Tilda Collins


A thesis is a high-level piece of academic research and writing that is generally carried out by university students at the honors, masters or Ph.D level. It follows the general rules of an essay — that is, researching a topic, forming an argument, and backing it up with evidence — but is more in-depth than a standard undergraduate essay.

Think about your topic and come up with rough ideas. To do this, you need to read extensively in the broad subject you want to study. Do so with your thesis in mind. Always write down potential ideas as you come up with them.

Narrow your research down into specifics with the help of essayreviews247.com. Theses are specific projects, not comprehensive ones; their aim is depth, not breadth. Bear this in mind, because if you don’t you are going to end up drowning in information.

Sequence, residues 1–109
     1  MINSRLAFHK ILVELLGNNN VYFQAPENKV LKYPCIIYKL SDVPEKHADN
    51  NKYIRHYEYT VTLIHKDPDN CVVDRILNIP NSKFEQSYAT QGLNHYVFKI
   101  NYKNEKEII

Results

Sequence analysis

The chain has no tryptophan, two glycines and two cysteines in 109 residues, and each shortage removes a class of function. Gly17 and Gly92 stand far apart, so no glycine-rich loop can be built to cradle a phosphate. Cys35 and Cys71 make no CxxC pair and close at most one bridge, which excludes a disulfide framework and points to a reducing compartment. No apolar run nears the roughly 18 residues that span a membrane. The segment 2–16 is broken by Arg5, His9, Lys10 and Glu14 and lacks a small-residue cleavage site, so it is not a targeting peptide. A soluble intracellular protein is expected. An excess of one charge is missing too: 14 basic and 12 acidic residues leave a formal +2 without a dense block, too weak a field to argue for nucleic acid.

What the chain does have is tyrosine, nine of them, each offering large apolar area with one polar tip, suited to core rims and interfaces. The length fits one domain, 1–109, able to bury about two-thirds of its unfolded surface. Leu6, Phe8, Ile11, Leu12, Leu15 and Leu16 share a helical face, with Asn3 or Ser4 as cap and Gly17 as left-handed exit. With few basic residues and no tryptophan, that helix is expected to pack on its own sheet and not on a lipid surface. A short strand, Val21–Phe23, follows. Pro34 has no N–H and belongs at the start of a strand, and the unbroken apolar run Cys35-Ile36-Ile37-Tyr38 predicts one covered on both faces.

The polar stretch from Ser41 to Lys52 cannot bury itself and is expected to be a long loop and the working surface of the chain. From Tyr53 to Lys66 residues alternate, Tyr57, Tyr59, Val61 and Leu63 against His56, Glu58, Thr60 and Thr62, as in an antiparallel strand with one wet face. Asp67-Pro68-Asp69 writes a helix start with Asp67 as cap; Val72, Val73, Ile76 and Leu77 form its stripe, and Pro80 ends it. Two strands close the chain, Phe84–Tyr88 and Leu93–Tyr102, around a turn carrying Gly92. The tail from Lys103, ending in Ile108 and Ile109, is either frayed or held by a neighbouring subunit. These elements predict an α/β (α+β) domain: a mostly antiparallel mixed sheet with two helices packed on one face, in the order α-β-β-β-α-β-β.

Write a proposal. This is a comprehensive beginning to your thesis. It should have a statement of the problem itself; a review of any background information and literature; a literature review of the sources you are going to use in the thesis and finally a methodology that describes how you are going to solve the problem you established in the beginning of the proposal.

Choose an advisor or committee. These people will be academics at your university who will advise you, guide you and generally help you with your thesis. Ensure you choose them carefully–choosing a professor who, for example, will be overseas for the duration of your thesis will make it difficult to stay in touch.

Write your thesis. Start with the information you feel most comfortable with. This may or may not be the beginning of the thesis.

Defend your thesis when you have completed it. This is essentially just presenting and discussing your research and its findings. It should not be as difficult as it sounds, as by this stage you will have lived and breathed your thesis and its material for a significant period of time.

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